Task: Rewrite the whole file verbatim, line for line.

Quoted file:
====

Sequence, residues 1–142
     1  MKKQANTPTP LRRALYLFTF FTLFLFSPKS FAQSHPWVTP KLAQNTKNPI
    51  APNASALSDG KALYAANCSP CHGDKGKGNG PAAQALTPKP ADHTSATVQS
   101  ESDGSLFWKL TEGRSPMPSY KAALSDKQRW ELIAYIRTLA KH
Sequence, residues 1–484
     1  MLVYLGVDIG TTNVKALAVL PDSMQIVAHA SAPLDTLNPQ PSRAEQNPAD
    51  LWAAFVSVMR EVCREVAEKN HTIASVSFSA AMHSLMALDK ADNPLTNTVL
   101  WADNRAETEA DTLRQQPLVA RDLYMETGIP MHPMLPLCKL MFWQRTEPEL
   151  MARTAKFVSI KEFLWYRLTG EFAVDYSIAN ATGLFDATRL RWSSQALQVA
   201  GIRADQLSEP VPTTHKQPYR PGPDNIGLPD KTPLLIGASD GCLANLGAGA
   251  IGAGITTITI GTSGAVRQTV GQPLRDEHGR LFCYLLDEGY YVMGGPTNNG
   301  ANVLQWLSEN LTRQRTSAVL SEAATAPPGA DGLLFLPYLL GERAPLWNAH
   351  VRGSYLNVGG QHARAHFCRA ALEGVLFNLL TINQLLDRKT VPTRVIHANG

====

Sequence, residues 1–142
     1  MKKQANTPTP LRRALYLFTF FTLFLFSPKS FAQSHPWVTP KLAQNTKNPI
    51  APNASALSDG KALYAANCSP CHGDKGKGNG PAAQALTPKP ADHTSATVQS
   101  ESDGSLFWKL TEGRSPMPSY KAALSDKQRW ELIAYIRTLA KH
Sequence, residues 1–484
     1  MLVYLGVDIG TTNVKALAVL PDSMQIVAHA SAPLDTLNPQ PSRAEQNPAD
    51  LWAAFVSVMR EVCREVAEKN HTIASVSFSA AMHSLMALDK ADNPLTNTVL
   101  WADNRAETEA DTLRQQPLVA RDLYMETGIP MHPMLPLCKL MFWQRTEPEL
   151  MARTAKFVSI KEFLWYRLTG EFAVDYSIAN ATGLFDATRL RWSSQALQVA
   201  GIRADQLSEP VPTTHKQPYR PGPDNIGLPD KTPLLIGASD GCLANLGAGA
   251  IGAGITTITI GTSGAVRQTV GQPLRDEHGR LFCYLLDEGY YVMGGPTNNG
   301  ANVLQWLSEN LTRQRTSAVL SEAATAPPGA DGLLFLPYLL GERAPLWNAH
   351  VRGSYLNVGG QHARAHFCRA ALEGVLFNLL TINQLLDRKT VPTRVIHANG